We have a well rehearsed routine once the seeds are out, first of all they aren't allowed to run through fields of crops anyway, we try and avoid high density seeded area when its dry and after every walk they are checked throughly for seed mainly in eyes, ears and between the toes. I find when its wet you can at least wipe them off easier although some thought has to be given to the fact skin will be softer so more likely to be punctured by the sharper grass seeds.

While checking eyes we noticed Archie had a small puncture wound in his bottom lid so like Bob who had a seed in the corner of his eye we washed the eye out carefully with eye wash( we keep a ready supply in both vans) or even cooled boiled water. Luckily Bobs came straight out, he is prone to them as he has deep recesses in the corner of his eye, we rinsed Archies eye and on close examination no seed could be seen but still recommend he sees a vet eyes are too important.

Despite care Archie wont be the last so we will be keeping a close eye and try and discourage the younger dogs from hoovering up the grass heads, which they tend to do.

Poppys leg is progressing well, tendons take time and you need to take the time to allow it to heal efficiently. She is now allowed some time running building up the strength bit by bit. Mila is currently providing most of the entertainment, I genuinely can't remember laughing so much at a dogs facial expressions. Its like looking at an old dog with puppy characteristics and mannerisms. Her favourite game in the van is waiting for the curly tail of one of the pugglies slipping out of the cage upon which she grabs gently and sucks it which then makes the pugglies dance about trying to play with her. Only they are in the top cage and she is in the middle so she trie to stand up on her hindlegs and attempt to have a game. Then she falls in a heap and the game starts all over again. During this time my van is rocking gently under the weight of a St bernard jumping up and falling in a heap!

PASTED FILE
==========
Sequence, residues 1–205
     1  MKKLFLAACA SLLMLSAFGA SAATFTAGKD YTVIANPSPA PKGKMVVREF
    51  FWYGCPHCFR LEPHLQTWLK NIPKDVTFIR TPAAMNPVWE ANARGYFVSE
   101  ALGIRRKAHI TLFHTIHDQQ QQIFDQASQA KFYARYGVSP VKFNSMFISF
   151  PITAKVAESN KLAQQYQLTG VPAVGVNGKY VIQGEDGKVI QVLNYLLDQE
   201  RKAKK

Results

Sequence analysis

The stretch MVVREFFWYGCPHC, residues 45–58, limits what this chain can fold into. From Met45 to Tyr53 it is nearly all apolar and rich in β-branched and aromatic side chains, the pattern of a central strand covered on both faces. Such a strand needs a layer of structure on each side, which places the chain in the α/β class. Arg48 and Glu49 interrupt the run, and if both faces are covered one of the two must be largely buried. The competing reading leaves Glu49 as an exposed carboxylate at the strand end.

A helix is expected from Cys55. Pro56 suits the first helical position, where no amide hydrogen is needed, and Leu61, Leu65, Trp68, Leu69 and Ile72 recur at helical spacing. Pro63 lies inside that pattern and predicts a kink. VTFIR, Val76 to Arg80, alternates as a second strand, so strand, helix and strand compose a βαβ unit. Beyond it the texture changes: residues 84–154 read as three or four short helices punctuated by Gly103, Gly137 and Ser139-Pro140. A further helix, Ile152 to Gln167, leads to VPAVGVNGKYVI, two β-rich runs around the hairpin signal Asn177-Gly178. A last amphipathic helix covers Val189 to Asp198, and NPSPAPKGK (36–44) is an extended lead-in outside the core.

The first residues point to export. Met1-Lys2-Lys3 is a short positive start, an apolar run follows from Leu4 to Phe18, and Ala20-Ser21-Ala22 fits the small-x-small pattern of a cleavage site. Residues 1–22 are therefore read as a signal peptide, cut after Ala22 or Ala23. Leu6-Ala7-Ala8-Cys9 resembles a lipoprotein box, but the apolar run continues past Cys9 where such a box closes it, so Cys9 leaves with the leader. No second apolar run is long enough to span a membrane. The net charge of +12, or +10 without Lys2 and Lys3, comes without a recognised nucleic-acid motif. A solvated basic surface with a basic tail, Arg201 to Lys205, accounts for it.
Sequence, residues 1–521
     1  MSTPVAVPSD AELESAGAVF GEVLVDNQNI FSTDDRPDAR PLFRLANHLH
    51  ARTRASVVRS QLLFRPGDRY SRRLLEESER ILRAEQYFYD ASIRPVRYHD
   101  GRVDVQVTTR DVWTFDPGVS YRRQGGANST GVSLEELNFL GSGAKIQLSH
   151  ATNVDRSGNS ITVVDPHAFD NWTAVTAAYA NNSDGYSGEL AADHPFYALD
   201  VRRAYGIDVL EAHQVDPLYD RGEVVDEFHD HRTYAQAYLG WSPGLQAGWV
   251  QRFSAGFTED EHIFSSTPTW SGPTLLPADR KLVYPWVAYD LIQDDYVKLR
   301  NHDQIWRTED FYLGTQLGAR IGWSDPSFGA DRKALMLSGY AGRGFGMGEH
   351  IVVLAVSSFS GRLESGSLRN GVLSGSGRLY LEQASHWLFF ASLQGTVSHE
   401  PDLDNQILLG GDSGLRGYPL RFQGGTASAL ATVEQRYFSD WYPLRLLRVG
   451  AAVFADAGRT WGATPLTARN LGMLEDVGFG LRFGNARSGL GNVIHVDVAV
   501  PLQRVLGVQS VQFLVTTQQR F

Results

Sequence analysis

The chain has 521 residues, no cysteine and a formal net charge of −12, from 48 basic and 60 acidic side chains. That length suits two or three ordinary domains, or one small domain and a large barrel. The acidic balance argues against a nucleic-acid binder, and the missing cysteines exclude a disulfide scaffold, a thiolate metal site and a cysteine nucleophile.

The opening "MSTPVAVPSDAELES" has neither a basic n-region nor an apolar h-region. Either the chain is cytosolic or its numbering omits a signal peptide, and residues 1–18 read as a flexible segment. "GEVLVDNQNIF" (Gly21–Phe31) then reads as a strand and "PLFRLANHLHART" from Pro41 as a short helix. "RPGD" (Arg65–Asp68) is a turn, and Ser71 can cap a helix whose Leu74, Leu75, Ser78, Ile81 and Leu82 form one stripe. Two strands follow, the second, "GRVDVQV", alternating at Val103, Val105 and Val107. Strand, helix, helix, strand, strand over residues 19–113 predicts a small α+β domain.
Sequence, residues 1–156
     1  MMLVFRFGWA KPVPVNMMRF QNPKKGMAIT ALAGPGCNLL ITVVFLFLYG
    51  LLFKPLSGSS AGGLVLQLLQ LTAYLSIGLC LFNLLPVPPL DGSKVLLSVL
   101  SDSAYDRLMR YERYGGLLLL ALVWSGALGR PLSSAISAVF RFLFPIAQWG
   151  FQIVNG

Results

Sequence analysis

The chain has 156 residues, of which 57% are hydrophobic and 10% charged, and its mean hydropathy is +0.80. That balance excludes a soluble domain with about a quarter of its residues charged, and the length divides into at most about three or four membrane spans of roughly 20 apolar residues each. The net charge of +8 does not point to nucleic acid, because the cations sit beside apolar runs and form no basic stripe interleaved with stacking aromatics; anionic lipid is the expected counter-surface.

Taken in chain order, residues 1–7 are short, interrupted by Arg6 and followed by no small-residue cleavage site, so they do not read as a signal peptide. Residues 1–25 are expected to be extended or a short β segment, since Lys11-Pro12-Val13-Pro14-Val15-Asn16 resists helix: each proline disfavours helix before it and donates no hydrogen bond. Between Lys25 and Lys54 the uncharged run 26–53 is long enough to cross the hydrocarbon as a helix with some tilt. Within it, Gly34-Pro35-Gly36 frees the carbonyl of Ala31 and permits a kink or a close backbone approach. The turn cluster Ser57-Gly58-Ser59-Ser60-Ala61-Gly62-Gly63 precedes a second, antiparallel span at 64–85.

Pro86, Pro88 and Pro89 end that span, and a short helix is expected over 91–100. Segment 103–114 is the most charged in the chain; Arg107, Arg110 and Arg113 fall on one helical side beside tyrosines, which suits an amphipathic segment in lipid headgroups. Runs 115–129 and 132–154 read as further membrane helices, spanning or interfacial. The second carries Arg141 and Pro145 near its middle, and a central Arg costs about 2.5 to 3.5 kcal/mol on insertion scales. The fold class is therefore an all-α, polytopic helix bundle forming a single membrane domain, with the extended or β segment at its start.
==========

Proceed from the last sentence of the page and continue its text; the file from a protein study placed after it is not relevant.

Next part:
Next week is National Poo Picking week( urm don't they know its poo picking week every week for us d'oh) so with a bit of luck Petnanny and the odd helper will be helping Gateshead council publicise the need to be responsible.

Happy splodging!

Monday, 15 June 2009

My guys

Well I have had a very busy time since coming back off holiday. My two horses Ella and Zaffi( I call them Hellsbells and Goggles) have been badly affected by the flies, the place we are on is alovely place, very picturesque unfortunately with the trees and water its a haven for midges. Goggles has already had mastitis and Hellsbells is already very itchy as hes allergic to quite a few environmental allergens. So after much tooing and froing and a far amount of good luck and timing I found a new place for them. I hate moving them as they become very settled to a place but it was becoming increasingly difficult to manage. So the spottie dotties now live with hundreds of woolly sheep and have a bit of gelding tottie in the field next door! Its slightly closer to home and they allow us 24/7 all year round turnout which I need for itchy and scratchy.